SCC men’s hoops eyes lofty goals; local coach leads charge

Scottsdale’s Isaiah Easaw drives past the Glendale defense during the Artichokes’ 97–78 loss to Glendale Community College on Dec. 7.

There’s a buzz around the Scottsdale Community College men’s basketball team.

Third-year head coach and Scottsdale-native Mark Bunker has worked to turn the program around as he led the team last year to a 15–15 record — its best in 10 years — and now has his eyes set on higher plains.

“(Last season), we broke all kinds of scoring records, the problem was we didn’t defend anybody,” Coach Bunker said in a Dec. 8 interview. “We’d put up 102 points but give up 108. It’s one of those deals where we’re really focusing on defense this year.”

As of Thursday, Dec. 8, the Fighting Artichokes have surrendered an average of 78.5 points per game, improving from 82.5 points allowed per game. However, the team lost 97–78 to Glendale Community College as the Gauchos diced up the Artichokes’ defense for several big runs during Wednesday, Dec. 7’s game.

“We want to get better at defense so we can stop people when they are in transition or on breaks,” guard Kenneth Melvin said during a Dec. 8 interview. “We’ve got to be more disciplined on defense and help side defense is a big issue for us right now.”

The push to improve defensively isn’t easy for Coach Bunker. He said he grew up as an offensive-minded player and played for coaches who had similar mindsets.

Coach Bunker said he has employed a solid defensive-minded assistant coach in Nigel Ramsey to help the team defensively and help him become a more defensive-minded head coach.

“I think he’s been the difference this year so far as to how much better we are defensively right from the start,” Coach Bunker said.

Offensively, Coach Bunker said the team carries its own, but still has some work to do.

One of those offensive bright spots is guard Isaiah Easaw, who the NJCAA named as its Division II Player of the Week. Melvin, who also greatly contributes on offense, said what makes Easaw good is the way he controls the ball and the game.

“I just like his game because he slows me down,” Melvin said. “He keeps everything straight on the court. He’s like a leader.”

With all these improvements, the campus and local community are starting to show more support for the team .

“It makes it a lot of fun and it makes it that much more rewarding because we’re doing the right things,” he said. “That’s what makes me proud to coach here.”

Scottsdale Community College head basketball coach Mark Bunker watches from the sideline during SCC’s 97–78 loss to Glendale Community College on Dec. 7. (Independent Newsmedia/Josh Martinez)

The man running point

Coach Bunker has deep roots in Scottsdale.

He was a three-year varsity starter at Chaparral High School, playing in the McDonald’s All-American Game. He then started two years at Scottsdale Community College before making the jump to Arizona State University.

After ASU, Coach Bunker played in the NBA Developmental League for the Albuquerque Thunderbirds and the Anaheim Arsenal.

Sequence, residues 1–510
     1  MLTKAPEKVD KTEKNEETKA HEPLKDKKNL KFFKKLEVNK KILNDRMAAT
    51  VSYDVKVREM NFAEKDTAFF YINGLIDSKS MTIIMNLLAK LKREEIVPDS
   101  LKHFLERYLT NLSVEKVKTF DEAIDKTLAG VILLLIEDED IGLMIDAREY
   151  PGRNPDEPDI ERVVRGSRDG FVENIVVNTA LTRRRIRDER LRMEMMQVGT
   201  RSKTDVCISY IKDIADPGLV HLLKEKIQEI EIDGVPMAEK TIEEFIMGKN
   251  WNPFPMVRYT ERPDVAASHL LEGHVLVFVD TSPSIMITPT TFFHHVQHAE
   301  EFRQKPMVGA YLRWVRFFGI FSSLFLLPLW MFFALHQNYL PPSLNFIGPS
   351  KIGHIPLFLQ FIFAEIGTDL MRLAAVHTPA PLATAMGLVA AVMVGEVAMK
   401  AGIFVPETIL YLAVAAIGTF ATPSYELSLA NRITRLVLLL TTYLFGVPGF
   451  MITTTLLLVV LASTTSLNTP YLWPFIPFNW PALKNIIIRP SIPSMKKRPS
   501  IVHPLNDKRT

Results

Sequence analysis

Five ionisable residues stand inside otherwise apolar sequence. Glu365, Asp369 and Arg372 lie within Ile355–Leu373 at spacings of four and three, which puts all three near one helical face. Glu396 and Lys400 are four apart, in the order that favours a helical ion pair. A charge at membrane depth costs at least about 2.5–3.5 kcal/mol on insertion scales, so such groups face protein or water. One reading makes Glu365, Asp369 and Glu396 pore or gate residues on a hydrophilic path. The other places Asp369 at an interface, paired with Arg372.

He returned to coach at several Valley high schools before returning to SCC in 2011 as an assistant coach. He was the Interim Head Coach for the 2014-15 season.

SCC guard Kenneth Melvin (10) goes up for a lay up in the face of stifling defense of Glendale Community College’s Christian Hakilimali (15) during Scottsdale’s 97–78 loss to Glendale on Dec. 7.

Coach Bunker said the searching process was delayed throughout that season, which worked to his advantage as that season like a “year-long interview process as opposed to just an hour-long interview.”

During that time, Coach Bunker said he tried to be productive with his team and he coached them to the playoffs during his interim season.

His SCC coaching gig comes with some perks including coaching in his local community.

“My parents still come to my games so it’s really fun from that side,” he said.

“My family gets to come to games and being able to help a next generation of Scottsdale Community College players and even Scottsdale-based athletes. We get a lot of players from the Scottsdale area or even the Valley in general. It’s a lot of fun being a part of that.”

Coach Bunker’s impact isn’t only felt in the community but with the players on his team as well.
Easaw called Coach Bunker a “player’s coach,” saying he’s approachable and his system gives the Artichokes the chance for success.

“He’s very relatable to all of us because all of us came to junior college so we can get to the next level and that’s what he did,” Easaw said. “He went to junior college before going to a four-year university. He knows what it takes and he’s always available.”

Along with his coaching responsibilities, Coach Bunker is also the school’s sports information director. While he said this part of the job gets a bit tedious, he will gladly do it since it allows him to coach full time.

The reason Coach Bunker has stuck around the Scottsdale community for so long is because he says it’s a great area and while he has ambitions of moving to the NCAA someday, he loves coaching in the Valley.

“I have everything I need right now with where I’m at in my coaching career that if I stayed at Scottsdale Community College for a long time, I’d be in a really good spot,” he said.

News Services Reporter Josh Martinez can be contacted at or at 623-445-2738

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